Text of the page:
Once a quiz is complete the tutor can access and export a report of the results. The video below explain how Socrative works:
How can I use it in my teaching?
Why not take advantage of the technology student’s are bringing with them into the classroom. Socrative can be used in a number of ways, for example:
For formative assessment and peer feedback
To assess/reinforce learning and understanding
To gather opinions and instant feedback
How much does it cost?
Socrative is a free app available on both iOS and Android devices. It can be downloaded from the following online stores:
The iPad project team received some good news this week. The York St John University iPad project blog has been nominated as to be on a list of Tremendous Thesis and Dissertation Resources that will be published soon on OnlinePhDProgram.org.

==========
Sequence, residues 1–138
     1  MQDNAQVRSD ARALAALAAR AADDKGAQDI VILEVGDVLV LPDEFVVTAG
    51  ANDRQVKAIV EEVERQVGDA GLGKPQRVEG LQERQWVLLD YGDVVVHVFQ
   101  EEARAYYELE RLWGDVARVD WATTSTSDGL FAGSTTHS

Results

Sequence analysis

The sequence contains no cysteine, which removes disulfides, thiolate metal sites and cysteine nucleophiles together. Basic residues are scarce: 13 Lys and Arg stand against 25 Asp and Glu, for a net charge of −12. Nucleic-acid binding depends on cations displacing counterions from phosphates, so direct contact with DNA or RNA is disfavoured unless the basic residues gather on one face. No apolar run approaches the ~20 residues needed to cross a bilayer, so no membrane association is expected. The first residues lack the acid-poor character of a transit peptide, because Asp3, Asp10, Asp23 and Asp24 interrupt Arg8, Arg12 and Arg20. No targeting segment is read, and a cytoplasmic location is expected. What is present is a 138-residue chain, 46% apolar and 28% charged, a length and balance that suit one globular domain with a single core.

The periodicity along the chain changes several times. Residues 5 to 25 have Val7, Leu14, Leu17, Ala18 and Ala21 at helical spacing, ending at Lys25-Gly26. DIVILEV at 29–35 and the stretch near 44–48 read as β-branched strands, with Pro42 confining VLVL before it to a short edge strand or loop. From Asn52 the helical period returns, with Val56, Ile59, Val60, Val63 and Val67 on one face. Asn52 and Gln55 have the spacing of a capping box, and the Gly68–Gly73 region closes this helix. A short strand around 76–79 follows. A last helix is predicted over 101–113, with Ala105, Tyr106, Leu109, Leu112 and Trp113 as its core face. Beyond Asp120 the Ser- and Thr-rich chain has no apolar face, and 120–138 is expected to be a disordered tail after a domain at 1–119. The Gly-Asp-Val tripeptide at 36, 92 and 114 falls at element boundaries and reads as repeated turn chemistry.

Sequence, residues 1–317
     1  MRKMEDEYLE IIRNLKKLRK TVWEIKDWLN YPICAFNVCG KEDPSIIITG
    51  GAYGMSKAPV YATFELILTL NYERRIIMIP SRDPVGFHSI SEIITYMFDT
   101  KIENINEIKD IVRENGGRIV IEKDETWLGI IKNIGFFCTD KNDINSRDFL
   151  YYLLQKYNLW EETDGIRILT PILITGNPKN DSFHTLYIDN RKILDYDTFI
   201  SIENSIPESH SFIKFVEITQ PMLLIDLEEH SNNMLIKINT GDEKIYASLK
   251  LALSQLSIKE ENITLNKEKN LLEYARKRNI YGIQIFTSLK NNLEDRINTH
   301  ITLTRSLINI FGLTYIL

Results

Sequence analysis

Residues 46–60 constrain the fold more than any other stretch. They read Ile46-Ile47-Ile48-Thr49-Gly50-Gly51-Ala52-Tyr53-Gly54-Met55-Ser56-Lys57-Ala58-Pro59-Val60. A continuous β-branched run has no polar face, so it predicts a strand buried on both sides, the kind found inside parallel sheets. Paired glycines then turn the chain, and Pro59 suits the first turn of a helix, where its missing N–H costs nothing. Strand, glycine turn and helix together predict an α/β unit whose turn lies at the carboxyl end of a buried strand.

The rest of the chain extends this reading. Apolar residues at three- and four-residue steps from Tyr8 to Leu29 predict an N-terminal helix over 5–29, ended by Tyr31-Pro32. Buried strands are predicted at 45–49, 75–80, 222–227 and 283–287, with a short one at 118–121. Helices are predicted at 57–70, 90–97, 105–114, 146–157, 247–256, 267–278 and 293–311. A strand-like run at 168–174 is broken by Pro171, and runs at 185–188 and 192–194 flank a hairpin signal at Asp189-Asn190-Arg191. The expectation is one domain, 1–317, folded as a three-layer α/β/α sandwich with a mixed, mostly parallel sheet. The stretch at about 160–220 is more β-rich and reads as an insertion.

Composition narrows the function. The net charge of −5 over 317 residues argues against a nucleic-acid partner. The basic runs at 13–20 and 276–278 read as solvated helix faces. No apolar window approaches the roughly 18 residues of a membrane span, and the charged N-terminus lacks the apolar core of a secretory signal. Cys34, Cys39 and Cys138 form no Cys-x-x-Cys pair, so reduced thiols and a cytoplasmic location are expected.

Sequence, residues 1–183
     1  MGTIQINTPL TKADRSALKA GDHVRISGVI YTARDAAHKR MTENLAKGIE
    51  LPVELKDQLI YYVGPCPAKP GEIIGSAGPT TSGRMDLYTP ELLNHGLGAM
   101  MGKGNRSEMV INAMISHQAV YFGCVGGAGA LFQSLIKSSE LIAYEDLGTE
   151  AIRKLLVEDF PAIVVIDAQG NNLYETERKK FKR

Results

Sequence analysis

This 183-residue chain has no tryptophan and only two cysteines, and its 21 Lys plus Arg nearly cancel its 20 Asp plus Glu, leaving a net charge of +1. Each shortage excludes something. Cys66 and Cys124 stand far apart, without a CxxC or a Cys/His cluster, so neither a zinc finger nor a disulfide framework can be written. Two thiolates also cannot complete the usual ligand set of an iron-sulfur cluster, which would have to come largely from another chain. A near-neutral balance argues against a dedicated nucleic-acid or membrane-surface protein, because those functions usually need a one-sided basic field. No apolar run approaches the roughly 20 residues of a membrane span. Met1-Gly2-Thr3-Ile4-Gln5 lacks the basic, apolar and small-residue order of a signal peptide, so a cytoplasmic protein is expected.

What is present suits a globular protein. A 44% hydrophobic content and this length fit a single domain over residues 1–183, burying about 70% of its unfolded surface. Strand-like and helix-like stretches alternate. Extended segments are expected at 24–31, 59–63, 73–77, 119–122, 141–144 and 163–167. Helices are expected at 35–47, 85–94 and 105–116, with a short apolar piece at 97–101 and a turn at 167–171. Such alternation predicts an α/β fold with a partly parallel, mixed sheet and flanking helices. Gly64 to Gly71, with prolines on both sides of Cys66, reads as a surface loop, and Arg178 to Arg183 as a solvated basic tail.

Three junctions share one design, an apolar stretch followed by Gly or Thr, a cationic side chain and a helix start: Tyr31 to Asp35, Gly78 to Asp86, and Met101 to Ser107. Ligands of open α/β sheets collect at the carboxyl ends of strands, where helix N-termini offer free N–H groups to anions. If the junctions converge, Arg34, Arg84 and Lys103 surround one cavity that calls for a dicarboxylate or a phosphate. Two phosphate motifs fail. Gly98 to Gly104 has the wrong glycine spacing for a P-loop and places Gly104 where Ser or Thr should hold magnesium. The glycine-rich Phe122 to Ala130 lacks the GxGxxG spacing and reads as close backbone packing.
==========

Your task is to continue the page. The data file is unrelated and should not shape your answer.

Here’s a copy of the email we received:
“I’m writing to share the news that iPad Project Blog has been nominated to be on a list of Tremendous Thesis and Dissertation Resources that will be published soon on OnlinePhDProgram.org
We strive to connect students with higher education opportunities and sources of information about different paths of graduate study. We’re constructing this list as a tool for our readers who are interested in, or already pursuing, masters and doctoral level studies. Your site could make a great entry on this list.
We’re still looking for other sites to consider for inclusion, so if you could email me links to any site you think is a great resource for someone working on a thesis or dissertation, I’d greatly appreciate it.”
It’s great to get recognition for the work we have been doing on the project and a nice start to the Easter Break.